How can physical space have such an underlying influence on the way we feel? How can our surroundings inform our sense of belonging? The artist Azadeh Gholizadeh explores these questions in her solo exhibition, Dawn to Dusk, at Goldfinch from February 27th to April 9th, 2022. By recalling memories of Iran and her present experience living in Chicago, Gholizadeh uses geometric abstraction to depict landscapes in tapestries while probing how identities are inextricably tied to the environment.
After growing up and studying in Iran, Azadeh Gholizadeh left in 2010 and moved to Chicago to begin her artistic practice. Prior to her move, she studied Architecture and Urbanism and would visit, analyze, and admire various architecture and landscapes around Iran. Sometimes, she would venture to her favorite places like the Persian garden, the Fin Gardin in Kashan. And like many people, she would use a camera to capture a photo of an interesting tile, the sunlight hitting the leaves of a tree, or dewdrops on a lamb’s ear. Eventually, these small habits and experiences would inspire her methodical process and artwork about spaces and belonging.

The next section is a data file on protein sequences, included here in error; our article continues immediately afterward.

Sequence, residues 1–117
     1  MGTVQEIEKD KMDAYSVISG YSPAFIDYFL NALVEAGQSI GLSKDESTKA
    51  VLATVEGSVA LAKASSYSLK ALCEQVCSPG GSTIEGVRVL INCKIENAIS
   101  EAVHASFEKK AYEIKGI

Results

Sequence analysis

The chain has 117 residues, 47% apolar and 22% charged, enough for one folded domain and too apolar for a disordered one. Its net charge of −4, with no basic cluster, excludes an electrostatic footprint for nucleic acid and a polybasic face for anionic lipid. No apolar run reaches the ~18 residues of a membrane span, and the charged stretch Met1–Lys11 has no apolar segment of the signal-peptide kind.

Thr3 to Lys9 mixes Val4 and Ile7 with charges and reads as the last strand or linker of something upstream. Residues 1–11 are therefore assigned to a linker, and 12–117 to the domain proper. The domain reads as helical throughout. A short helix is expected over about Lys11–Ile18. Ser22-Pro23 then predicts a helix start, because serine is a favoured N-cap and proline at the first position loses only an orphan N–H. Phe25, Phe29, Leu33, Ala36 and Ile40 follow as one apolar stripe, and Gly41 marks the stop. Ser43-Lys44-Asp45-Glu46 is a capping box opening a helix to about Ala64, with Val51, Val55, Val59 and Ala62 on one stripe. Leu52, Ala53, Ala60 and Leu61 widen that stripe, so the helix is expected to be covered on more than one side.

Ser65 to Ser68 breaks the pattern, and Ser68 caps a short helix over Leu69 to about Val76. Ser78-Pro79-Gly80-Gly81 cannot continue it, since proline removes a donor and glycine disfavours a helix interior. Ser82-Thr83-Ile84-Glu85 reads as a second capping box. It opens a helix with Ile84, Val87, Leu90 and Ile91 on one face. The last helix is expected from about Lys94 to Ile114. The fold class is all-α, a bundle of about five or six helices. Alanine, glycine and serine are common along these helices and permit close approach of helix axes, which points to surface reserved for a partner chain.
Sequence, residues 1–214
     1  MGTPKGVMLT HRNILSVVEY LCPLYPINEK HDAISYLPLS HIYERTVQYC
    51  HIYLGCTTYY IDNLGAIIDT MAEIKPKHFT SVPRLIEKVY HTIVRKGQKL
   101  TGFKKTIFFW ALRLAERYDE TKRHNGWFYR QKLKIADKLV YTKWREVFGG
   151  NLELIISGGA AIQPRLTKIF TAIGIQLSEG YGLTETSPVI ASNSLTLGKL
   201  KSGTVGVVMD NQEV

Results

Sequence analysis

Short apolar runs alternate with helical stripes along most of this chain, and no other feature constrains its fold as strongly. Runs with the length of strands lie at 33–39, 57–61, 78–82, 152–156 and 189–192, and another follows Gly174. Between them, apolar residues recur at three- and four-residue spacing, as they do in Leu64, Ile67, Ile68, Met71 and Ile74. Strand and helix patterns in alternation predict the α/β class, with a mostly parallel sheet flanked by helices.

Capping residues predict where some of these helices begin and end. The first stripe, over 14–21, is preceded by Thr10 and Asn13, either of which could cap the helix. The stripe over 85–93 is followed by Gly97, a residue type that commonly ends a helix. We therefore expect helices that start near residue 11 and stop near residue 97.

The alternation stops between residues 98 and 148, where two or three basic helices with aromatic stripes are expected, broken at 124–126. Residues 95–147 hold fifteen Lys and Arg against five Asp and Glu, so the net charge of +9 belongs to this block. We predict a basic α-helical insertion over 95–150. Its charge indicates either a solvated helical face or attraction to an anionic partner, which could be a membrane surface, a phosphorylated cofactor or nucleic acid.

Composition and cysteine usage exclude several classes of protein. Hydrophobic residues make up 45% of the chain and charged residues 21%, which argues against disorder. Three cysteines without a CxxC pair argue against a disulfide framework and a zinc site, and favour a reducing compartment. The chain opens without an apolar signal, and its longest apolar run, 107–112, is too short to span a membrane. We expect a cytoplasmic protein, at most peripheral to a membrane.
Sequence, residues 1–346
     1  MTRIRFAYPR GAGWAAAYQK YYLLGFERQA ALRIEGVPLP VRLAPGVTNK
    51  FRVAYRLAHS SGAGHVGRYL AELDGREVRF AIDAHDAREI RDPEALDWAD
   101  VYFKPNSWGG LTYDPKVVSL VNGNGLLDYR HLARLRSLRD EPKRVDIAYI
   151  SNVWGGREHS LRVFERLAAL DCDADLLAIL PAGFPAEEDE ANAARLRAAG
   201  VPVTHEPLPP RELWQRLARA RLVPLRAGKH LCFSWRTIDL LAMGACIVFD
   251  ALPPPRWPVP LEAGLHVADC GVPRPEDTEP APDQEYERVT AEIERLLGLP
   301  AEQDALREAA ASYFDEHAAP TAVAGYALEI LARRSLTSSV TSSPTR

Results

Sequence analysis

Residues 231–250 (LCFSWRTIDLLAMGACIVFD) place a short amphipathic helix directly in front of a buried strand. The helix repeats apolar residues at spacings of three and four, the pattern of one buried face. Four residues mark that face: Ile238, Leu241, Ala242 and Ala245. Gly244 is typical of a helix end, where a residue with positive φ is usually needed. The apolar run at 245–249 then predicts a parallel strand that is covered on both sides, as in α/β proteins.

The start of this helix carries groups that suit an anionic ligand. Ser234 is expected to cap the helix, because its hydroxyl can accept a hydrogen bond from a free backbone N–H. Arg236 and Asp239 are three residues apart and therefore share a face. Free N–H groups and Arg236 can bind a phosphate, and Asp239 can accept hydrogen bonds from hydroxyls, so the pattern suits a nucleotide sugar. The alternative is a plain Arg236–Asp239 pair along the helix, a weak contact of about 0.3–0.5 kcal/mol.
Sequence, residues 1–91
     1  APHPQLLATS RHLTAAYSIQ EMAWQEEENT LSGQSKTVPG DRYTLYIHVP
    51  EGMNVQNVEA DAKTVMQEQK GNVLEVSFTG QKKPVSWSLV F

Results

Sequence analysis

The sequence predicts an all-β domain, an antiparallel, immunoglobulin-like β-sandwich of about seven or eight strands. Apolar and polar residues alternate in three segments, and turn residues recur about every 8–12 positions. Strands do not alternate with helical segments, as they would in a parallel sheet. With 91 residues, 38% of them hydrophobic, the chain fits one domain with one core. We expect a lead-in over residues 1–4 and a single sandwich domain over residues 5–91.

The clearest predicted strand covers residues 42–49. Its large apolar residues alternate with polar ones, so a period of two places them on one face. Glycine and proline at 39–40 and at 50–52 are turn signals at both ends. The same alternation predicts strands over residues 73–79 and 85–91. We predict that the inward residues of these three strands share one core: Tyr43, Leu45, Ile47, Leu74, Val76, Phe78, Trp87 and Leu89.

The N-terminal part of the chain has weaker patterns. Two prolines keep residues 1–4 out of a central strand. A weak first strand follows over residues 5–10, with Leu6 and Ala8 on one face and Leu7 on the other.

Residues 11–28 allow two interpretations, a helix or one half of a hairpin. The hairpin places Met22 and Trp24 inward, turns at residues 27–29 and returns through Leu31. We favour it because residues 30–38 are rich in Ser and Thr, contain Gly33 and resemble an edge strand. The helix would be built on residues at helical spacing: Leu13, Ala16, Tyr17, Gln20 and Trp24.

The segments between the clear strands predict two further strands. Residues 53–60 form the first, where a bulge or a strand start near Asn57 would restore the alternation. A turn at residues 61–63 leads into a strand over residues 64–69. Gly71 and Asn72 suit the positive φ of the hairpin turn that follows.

Walking into the exhibition at Goldfinch, the white walls are covered with tapestries with one sculptural work, The tree, located in the far left corner. Most of the tapestries, such as Behind and the series Twelve12views, are constructed in a strict square or rectangular format. Other works, such as With the Giants II, Blue in Green, By the Campfire, Blue and Blue Hour have a square format but deviate slightly by incorporating detailed accents. The square tapestry background of By The Campfire, for instance, has a cross tessellation pattern made of cobalt blue merino wool. The cobalt contrasts with a Prussian blue wool that is speckled with bits of gray and white and threaded horizontally and intermixed with the smooth and flat texture of geometric-shaped felt. At the bottom of the piece, loose strands of plum-colored yarn hang delicately. Behind the tapestry is a bright yellow backboard made of wood. The yellow peeks out at the base and has a glowing effect on all sides, causing the tapestry to resemble the hazy experience of seeing the outline of a tree canopy at sundown or sunrise.